By June 25, 1847, President Brigham Young and the pioneer company had journeyed beyond the sixth crossing of the Sweetwater River. That afternoon, they trekked up the segment of the trail known as Rocky Ridge.
“To avoid a steep-walled canyon, the trail leaves the bottomlands of the Sweetwater River and climbs about 700 feet in two miles through a rugged, boulder-strewn path. It was one of the most difficult stretches of the emigrants’ entire journey,” according to Rocky Ridge on wyohistory.org. There, 1,038 miles west of Nauvoo, Illinois, the Oregon, Mormon Pioneer and California Trail reaches an altitude of 7,300 feet, one of the highest points of the entire journey west.
Although countless thousands of pioneers followed this difficult route, in the history of The Church of Jesus Christ of Latter-day Saints, Rocky Ridge is more commonly associated with the Willie Handcart Company of 1856. Rescue companies sent by President Young first encountered the Willie company at the base of Rocky Ridge at its eastern end in October of that year. But, as needed as they were, most of the rescuers and supplies continued eastward hoping to find the Martin Handcart Company.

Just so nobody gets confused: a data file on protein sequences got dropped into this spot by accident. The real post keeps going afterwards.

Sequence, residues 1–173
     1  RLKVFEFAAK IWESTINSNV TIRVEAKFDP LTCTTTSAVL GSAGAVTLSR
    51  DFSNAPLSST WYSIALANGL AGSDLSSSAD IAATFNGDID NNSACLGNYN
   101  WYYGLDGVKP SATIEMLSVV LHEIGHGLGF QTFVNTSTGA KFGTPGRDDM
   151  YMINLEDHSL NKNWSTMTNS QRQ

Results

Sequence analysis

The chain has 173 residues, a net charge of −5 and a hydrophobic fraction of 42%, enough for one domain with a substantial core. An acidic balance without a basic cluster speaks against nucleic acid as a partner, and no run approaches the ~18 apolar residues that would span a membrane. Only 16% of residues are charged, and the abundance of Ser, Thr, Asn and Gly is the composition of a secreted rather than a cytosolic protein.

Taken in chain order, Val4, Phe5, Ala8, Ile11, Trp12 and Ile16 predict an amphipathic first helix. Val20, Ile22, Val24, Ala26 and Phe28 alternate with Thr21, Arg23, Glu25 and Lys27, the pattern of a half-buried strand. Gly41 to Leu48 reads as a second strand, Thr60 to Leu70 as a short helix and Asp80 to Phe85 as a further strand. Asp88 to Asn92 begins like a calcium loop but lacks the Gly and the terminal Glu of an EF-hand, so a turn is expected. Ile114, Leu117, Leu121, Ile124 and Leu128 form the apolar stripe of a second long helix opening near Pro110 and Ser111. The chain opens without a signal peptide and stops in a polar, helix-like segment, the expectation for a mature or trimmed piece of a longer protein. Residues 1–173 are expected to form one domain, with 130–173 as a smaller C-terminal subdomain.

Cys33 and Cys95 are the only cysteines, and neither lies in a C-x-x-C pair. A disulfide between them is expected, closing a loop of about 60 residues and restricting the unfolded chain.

The Willie company ascended Rocky Ridge in deep snow in extremely adverse conditions. Company member Levi Savage noted in his journal (and is published under Rocky Ridge on history.churchofjesuschrist.org): “We buried our dead, got up our teams and about nine o’clock a.m. commenced ascending the Rocky Ridge. This was a severe day. The wind blew hard and cold. The ascent was some five miles long and some places steep and covered with deep snow. We became weary, set down to rest, and some became chilled and commenced to freeze … .”
Presently, hikers can follow the Rocky Ridge trail, which is overseen by the BLM.
Kenneth Mays is a board member of the Mormon Historic Sites Foundation and a retired instructor in the The Church of Jesus Christ of Latter-day Saints’ Department of Seminaries and Institutes.